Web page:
Practically a perfect storm of a fire, the Iroquois Theatre fire in Chicago resulted in over 600 deaths, barely a month after it first opened in 1903. By comparison, the Great Chicago Fire that occurred 30 years prior, destroyed over 3 square miles of Chicago and left 100,000 homeless was responsible for half as many deaths.
At the time of the theater fire, in 1903, the risks of fire were well understood. Deadly blazes during the 1800’s and the creation of taller and larger buildings had prompted invention of safety measures like fire escapes and fire sprinklers. The Iroquois Theatre was billed as “Absolutely Fireproof”, indicating that fire danger was a concern and fire safety could be used as a selling point.
Theaters, filled with flammable scenery and props, were understood to have unique risks and were usually built with a safety curtain the could be lowered between the stage and the audience to contain a fire to the stage. In addition, special doors would be added to allow smoke and heat to escape through the roof above the stage. This combination turns the state into a chimney, prompting a draft upwards and out which sucks fresh air in through the open exit doors and protecting the inhabitants.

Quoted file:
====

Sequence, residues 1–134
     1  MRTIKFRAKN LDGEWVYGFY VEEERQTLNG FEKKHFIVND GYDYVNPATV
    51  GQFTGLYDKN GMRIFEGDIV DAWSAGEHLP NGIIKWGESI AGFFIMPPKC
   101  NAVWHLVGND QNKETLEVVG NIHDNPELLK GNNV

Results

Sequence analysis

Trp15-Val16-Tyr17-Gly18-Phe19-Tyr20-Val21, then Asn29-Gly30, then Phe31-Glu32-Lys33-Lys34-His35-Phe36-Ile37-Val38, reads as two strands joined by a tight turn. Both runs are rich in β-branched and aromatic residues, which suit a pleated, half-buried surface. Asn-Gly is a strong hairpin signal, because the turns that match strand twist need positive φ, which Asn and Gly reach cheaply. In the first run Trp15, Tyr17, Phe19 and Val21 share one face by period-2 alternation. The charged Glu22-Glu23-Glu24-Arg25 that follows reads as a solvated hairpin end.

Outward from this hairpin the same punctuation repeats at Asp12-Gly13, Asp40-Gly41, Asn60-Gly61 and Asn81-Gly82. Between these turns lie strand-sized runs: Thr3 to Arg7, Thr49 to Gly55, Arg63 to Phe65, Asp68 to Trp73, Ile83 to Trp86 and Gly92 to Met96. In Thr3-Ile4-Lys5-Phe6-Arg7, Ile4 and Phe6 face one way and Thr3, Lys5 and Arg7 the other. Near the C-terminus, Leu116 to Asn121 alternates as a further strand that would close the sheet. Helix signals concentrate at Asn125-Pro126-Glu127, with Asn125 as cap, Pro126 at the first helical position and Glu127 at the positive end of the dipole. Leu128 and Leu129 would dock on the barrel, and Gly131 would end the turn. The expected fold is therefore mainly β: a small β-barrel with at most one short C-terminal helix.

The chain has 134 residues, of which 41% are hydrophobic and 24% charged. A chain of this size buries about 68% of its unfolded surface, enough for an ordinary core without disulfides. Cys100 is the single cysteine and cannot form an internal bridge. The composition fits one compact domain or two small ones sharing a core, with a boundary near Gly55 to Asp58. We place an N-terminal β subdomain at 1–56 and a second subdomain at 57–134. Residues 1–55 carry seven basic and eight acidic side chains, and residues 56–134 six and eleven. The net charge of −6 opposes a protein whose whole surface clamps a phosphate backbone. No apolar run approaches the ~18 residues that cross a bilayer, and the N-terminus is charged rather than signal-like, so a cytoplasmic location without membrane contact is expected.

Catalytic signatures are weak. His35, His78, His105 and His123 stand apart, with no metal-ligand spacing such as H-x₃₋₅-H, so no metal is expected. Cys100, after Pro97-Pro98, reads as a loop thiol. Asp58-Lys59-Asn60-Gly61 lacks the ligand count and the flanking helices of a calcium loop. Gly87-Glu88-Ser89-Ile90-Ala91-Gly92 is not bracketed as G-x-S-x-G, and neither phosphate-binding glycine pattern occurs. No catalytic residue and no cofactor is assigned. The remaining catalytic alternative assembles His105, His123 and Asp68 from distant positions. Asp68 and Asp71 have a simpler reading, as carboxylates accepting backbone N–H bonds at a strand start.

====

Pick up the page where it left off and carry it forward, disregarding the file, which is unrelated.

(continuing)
However, the theater’s smoke doors were fastened shut, causing the smoke to flow sideways and out through the very exits people were trying to use. In addition, the fire curtain hadn’t been tested and got stuck when personal attempted to lower it. After the fire, chemical tests on the curtain showed that its mixture of wood pulp and asbestos wouldn’t have even been fire proof.
The list of issues is long. Exit doors opened inward and were held shut by the crush of people trying to escape. There were no exit signs and the exits were concealed (sometimes by flammable curtains) or locked. The building contained no emergency lighting and the full house lights weren’t turned up during the fire, leaving the venue dim. There were doors which were purely ornamental; 200 people died in a passageway that wasn’t an exit. Even some of those that managed to find an exit from the multi-story building still succumbed when they encountered incomplete fire escape ladders and stairwells, leading to at least another 125 deaths.
Despite a local fire department captain touring the theater a few days before it opened and noting there were no fire sprinklers, no alarms, no telephones nor water connections, the theater opened as it was. The fire warden for the Iroquois told the captain nothing could be done as the theater’s owners would just replace him as warden if these deficiencies were brought up.
In the century since the Iroquois Theatre fire, so much has been learned about life-safety systems like fire alarms and sprinklers. Contact Best Defense today and let us show you how we can radically increase the likelihood of escaping a fire and decrease your property damage.